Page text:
From 1995 to 1996, a fellow at the Harvard University School of Public Health, Boston, documented a 35-year campaign by the tobacco industry to de-emphasize evidence of the health effects of tobacco.
The research resulted in the book SMOKESCREEN: The Truth Behind the Tobacco Industry Cover-up by Philip J. Hilts, a correspondent on health and science policy for The New York Times who was a fellow at the Harvard School of Public Health's Center for Health Communication.
As the primary reporter covering tobacco issues for the paper, Hilts drew on prior research for articles he had written on tobacco, including a front-page series.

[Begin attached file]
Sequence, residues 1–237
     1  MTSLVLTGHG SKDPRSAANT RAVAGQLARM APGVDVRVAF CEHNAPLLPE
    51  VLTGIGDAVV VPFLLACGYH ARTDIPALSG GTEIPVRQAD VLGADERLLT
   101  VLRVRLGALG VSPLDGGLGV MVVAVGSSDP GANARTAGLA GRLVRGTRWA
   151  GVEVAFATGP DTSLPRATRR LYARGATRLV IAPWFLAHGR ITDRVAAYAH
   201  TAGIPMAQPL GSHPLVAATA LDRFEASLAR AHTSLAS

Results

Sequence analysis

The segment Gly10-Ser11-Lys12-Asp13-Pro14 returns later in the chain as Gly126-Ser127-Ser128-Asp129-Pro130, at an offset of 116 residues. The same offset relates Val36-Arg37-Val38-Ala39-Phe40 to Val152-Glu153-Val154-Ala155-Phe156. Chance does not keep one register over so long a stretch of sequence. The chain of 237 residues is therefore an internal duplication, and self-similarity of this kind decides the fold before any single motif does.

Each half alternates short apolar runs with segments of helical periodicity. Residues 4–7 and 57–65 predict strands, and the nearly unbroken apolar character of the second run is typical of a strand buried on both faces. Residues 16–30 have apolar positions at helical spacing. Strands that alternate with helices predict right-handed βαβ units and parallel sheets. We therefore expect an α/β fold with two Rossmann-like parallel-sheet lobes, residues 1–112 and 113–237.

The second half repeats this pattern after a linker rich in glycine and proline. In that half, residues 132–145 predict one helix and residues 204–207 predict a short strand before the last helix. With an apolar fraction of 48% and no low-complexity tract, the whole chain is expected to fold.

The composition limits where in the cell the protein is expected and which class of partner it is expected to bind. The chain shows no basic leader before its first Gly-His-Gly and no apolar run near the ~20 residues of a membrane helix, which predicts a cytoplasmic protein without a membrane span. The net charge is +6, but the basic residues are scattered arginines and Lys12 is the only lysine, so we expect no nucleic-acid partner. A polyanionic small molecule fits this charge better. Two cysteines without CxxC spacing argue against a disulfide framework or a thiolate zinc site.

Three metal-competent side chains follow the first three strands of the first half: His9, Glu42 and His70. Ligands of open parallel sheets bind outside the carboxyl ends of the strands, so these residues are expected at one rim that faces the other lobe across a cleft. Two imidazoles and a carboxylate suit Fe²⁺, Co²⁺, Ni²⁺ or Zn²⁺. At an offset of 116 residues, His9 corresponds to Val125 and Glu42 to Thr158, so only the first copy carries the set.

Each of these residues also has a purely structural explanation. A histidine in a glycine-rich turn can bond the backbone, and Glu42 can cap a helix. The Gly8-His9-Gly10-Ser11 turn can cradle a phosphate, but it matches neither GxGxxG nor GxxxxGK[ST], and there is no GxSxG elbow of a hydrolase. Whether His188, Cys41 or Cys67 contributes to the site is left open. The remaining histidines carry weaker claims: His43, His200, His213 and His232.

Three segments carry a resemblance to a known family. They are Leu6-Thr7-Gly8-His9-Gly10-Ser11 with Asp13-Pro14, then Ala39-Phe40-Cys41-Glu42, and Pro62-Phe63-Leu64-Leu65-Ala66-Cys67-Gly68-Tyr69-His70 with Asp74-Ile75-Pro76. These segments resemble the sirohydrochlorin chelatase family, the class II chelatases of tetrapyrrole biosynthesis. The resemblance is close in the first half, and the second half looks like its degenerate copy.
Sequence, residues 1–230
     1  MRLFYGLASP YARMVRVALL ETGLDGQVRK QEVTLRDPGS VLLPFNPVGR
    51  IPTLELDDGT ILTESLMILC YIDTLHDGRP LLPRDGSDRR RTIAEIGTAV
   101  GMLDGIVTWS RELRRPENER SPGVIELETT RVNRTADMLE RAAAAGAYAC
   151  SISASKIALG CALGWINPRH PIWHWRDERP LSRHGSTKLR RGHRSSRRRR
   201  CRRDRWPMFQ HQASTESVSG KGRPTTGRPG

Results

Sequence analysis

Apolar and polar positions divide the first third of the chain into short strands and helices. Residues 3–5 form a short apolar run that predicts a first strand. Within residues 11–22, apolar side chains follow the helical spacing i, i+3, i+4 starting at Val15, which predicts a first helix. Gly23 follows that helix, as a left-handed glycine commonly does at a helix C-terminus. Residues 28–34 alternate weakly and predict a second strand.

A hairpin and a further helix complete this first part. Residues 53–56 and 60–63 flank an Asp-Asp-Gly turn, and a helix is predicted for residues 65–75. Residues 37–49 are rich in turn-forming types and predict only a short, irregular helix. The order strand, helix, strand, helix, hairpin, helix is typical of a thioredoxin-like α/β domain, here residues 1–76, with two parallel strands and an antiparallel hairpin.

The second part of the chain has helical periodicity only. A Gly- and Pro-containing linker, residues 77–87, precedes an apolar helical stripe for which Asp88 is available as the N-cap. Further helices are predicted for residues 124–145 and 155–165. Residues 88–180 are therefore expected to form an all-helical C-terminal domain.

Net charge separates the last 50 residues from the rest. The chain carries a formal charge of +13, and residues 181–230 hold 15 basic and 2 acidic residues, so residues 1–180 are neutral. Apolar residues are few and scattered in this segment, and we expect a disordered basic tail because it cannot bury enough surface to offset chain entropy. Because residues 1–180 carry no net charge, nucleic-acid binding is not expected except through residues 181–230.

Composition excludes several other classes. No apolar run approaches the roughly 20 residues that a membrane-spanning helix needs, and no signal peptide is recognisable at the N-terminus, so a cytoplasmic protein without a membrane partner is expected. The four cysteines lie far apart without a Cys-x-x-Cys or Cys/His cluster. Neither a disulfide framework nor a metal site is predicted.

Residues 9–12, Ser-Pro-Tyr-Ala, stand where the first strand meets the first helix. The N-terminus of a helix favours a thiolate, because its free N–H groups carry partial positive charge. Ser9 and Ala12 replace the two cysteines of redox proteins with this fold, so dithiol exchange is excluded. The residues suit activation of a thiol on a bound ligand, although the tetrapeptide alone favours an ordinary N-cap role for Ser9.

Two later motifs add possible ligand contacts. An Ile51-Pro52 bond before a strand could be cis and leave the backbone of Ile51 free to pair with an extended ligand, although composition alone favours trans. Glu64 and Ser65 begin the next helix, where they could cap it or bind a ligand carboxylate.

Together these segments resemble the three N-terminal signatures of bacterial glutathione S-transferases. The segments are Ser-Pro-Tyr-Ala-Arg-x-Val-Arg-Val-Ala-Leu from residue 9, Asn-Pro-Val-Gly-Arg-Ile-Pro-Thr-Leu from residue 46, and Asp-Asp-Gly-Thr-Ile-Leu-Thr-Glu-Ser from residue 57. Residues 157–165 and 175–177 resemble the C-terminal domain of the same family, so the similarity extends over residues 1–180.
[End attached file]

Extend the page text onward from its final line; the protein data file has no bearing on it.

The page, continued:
Research for SMOKESCREEN: The Truth Behind the Tobacco Industry Cover-up also involved gathering thousands of pages of internal documents from tobacco companies as well as tracking down and interviewing former employees of the companies, and conducting literature reviews.
The author gave more than 75 interviews to the national media, including National Public Radio and "Today" on NBC. Business Week dubbed the work one of "the best business books of 1996."
Hilts also gave a seminar for students and faculty of the Harvard School of Public Health on the public relations strategies of tobacco companies.